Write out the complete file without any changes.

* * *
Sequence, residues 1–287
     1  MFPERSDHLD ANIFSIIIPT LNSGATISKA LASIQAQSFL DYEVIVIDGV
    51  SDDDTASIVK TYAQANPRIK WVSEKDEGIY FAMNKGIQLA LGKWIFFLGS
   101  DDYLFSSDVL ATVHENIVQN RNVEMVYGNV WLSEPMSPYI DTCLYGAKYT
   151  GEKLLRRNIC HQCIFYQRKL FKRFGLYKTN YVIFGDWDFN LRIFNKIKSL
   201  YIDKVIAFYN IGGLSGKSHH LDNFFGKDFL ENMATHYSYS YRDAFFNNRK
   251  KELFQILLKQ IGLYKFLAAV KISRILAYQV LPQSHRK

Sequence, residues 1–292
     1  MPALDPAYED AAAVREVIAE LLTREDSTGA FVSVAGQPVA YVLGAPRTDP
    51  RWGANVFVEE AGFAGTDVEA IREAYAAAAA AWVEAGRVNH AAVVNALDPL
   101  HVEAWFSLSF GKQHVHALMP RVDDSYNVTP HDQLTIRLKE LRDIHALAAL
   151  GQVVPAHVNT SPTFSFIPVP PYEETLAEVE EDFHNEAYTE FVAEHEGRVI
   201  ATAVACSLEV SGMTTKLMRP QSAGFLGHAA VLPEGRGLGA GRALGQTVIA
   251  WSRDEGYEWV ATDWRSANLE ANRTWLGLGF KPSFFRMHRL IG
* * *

Sequence, residues 1–287
     1  MFPERSDHLD ANIFSIIIPT LNSGATISKA LASIQAQSFL DYEVIVIDGV
    51  SDDDTASIVK TYAQANPRIK WVSEKDEGIY FAMNKGIQLA LGKWIFFLGS
   101  DDYLFSSDVL ATVHENIVQN RNVEMVYGNV WLSEPMSPYI DTCLYGAKYT
   151  GEKLLRRNIC HQCIFYQRKL FKRFGLYKTN YVIFGDWDFN LRIFNKIKSL
   201  YIDKVIAFYN IGGLSGKSHH LDNFFGKDFL ENMATHYSYS YRDAFFNNRK
   251  KELFQILLKQ IGLYKFLAAV KISRILAYQV LPQSHRK

Sequence, residues 1–292
     1  MPALDPAYED AAAVREVIAE LLTREDSTGA FVSVAGQPVA YVLGAPRTDP
    51  RWGANVFVEE AGFAGTDVEA IREAYAAAAA AWVEAGRVNH AAVVNALDPL
   101  HVEAWFSLSF GKQHVHALMP RVDDSYNVTP HDQLTIRLKE LRDIHALAAL
   151  GQVVPAHVNT SPTFSFIPVP PYEETLAEVE EDFHNEAYTE FVAEHEGRVI
   201  ATAVACSLEV SGMTTKLMRP QSAGFLGHAA VLPEGRGLGA GRALGQTVIA
   251  WSRDEGYEWV ATDWRSANLE ANRTWLGLGF KPSFFRMHRL IG